The guest on this week’s episode of GRUFFtalk: How to Age Better is Patrick McKeown, who wrote The Breathing Cure. Patrick is an author and speaker who is known for his work on the relationship between breathing and health, particularly in the context of the Buteyko Method. The Breathing Cure is one of McKeown’s books in which he advocates for the use of controlled breathing techniques to improve overall health and well-being. In his work, McKeown emphasizes the importance of breathing through the nose and slowing down the rate of breathing to improve oxygenation, reduce stress and anxiety, and improve overall respiratory function. He argues that functional breathing practices can help to improve various health conditions, including asthma, sleep disorders, and anxiety, among others.


What is ‘functional breathing’ and how can it help you sleep better?

Functional breathing refers to the practice of conscious control and regulation of one’s breathing patterns. It involves controlled breathing techniques that aim to improve overall breathing efficiency, enhance physical and mental performance, and promote relaxation.

The benefits of functional breathing include reducing stress and anxiety, improving focus and concentration, increasing energy levels, and enhancing athletic performance.

Functional breathing can also help people sleep better by reducing sleep-disrupting stress levels, calming the nervous system, and promoting relaxation. Controlled breathing practices before bedtime can slow down the heart rate and decrease the levels of cortisol (a stress hormone) in the body, promoting a sense of calmness and relaxation and making it easier to fall asleep. Additionally, breathing exercises can also be used to calm racing thoughts and reduce the activity of the “fight or flight” response, both of which can interfere with sleep.

Why is it more beneficial to breathe in and out through your nose, and not through your mouth?

Breathing through the nose has several benefits compared to breathing through the mouth:

  1. Filtering and warming of air: The nose has tiny hairs and mucus membranes that filter and warm incoming air, helping to protect the lungs from harmful particles and irritants.
  2. Improved oxygenation: Nasal breathing slows down and regulates the rate of breathing, allowing for better oxygenation of the blood and tissues.
  3. Increased nitric oxide levels: Nitric oxide, a gas produced in the nasal passages, has been shown to have several health benefits, including improving respiratory function, boosting the immune system, and regulating blood pressure.
  4. Better respiratory function: Breathing through the nose requires the use of the diaphragm and other breathing muscles, which helps to strengthen respiratory function and improve overall breathing efficiency.
  5. Reduced stress and anxiety: Controlled nasal breathing can have a calming effect on the nervous system, reducing stress and anxiety levels.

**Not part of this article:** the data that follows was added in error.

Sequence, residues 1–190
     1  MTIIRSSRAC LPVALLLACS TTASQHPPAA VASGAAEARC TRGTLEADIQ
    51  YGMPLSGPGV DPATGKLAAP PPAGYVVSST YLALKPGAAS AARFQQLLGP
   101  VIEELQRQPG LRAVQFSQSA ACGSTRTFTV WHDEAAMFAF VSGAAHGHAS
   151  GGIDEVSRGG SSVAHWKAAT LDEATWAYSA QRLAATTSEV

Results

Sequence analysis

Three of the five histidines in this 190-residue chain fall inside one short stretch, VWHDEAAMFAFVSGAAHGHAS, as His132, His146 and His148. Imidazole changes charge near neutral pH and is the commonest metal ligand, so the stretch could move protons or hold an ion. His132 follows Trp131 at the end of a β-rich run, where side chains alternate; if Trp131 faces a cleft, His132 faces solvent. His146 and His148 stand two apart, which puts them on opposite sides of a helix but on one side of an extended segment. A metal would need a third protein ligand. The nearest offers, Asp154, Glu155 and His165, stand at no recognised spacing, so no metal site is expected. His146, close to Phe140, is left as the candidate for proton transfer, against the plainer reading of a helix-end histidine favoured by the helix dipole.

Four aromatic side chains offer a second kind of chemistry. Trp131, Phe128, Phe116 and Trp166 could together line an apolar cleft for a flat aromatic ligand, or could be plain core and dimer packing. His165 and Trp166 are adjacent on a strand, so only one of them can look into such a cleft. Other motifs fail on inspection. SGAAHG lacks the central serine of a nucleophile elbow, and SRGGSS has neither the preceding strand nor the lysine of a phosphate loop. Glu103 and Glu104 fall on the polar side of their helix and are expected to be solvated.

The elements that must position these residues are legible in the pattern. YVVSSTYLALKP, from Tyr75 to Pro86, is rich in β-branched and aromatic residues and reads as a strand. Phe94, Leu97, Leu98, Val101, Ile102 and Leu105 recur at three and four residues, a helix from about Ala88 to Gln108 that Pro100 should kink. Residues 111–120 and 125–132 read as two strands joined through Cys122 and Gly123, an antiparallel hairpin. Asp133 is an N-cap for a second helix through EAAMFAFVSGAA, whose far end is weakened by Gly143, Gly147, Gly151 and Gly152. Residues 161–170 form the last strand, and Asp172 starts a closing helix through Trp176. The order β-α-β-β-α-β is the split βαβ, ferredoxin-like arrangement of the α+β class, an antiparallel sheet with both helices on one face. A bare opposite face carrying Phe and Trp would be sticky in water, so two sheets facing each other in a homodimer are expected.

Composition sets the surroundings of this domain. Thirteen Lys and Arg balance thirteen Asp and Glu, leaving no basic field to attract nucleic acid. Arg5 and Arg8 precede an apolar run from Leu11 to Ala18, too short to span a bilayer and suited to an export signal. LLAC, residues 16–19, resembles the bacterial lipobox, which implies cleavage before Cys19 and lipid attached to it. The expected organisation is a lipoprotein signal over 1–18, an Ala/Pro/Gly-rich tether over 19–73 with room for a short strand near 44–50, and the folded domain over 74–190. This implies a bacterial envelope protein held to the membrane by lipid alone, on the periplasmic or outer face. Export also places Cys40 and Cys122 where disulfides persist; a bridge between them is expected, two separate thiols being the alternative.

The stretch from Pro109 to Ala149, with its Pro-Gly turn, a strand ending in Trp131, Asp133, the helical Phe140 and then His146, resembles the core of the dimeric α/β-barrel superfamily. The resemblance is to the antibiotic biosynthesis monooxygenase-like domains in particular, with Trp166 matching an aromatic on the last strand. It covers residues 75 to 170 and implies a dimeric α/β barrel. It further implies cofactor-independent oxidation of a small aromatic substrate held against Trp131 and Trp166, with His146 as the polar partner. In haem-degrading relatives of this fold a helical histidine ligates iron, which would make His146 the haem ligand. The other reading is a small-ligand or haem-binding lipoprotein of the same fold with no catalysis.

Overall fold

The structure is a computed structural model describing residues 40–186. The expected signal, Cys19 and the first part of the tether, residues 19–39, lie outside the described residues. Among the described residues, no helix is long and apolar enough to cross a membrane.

In summary, nasal breathing has many health benefits, and it is considered a more efficient and effective way to breathe than mouth breathing. By incorporating nasal breathing into your daily routine, you can help to improve your overall respiratory health and well-being.

How can you practice functional breathing while being engaged in a vigorous workout, like running?

Functional breathing can be practiced while engaging in a vigorous workout such as running. Here are some tips to help you incorporate functional breathing into your running routine:

  1. Focus on slow, controlled breaths: Instead of taking short, shallow breaths, focus on taking slow, deep breaths in through your nose and out through your mouth. This will help to regulate your breathing and prevent shortness of breath.
  2. Time your breaths: Try to time your breaths with your steps or strides. For example, inhale for three steps and exhale for three steps. This can help to maintain a steady pace and reduce the risk of hyperventilation.
  3. Focus on belly breathing: Engage your diaphragm by breathing deeply into your belly, expanding your stomach on the inhale and contracting it on the exhale. This type of breathing can help to increase oxygenation and improve overall respiratory function.
  4. Use visual cues: Choose landmarks along your running route and breathe in as you reach them, and breathe out as you pass them. This can help to keep you focused on your breathing and prevent your mind from wandering.

Remember, it may take some time and practice to incorporate functional breathing into your workout routine, so be patient and persistent. Incorporating functional breathing can help to improve your performance, reduce fatigue, and prevent injury, leading to a more enjoyable and effective workout experience.

Learn more about functional breathing and how to do it here.

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